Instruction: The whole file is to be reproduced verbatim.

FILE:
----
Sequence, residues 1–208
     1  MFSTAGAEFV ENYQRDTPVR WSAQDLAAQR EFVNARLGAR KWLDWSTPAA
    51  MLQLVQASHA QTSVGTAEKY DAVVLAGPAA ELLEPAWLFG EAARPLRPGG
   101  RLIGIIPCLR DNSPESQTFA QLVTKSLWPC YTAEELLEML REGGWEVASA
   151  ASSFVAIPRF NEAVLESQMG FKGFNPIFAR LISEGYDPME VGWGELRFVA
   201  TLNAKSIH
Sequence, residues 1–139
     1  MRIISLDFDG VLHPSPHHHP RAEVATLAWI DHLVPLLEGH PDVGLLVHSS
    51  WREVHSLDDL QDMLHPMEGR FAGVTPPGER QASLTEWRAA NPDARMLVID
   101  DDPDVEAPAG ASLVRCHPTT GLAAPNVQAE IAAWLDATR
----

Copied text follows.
Sequence, residues 1–208
     1  MFSTAGAEFV ENYQRDTPVR WSAQDLAAQR EFVNARLGAR KWLDWSTPAA
    51  MLQLVQASHA QTSVGTAEKY DAVVLAGPAA ELLEPAWLFG EAARPLRPGG
   101  RLIGIIPCLR DNSPESQTFA QLVTKSLWPC YTAEELLEML REGGWEVASA
   151  ASSFVAIPRF NEAVLESQMG FKGFNPIFAR LISEGYDPME VGWGELRFVA
   201  TLNAKSIH
Sequence, residues 1–139
     1  MRIISLDFDG VLHPSPHHHP RAEVATLAWI DHLVPLLEGH PDVGLLVHSS
    51  WREVHSLDDL QDMLHPMEGR FAGVTPPGER QASLTEWRAA NPDARMLVID
   101  DDPDVEAPAG ASLVRCHPTT GLAAPNVQAE IAAWLDATR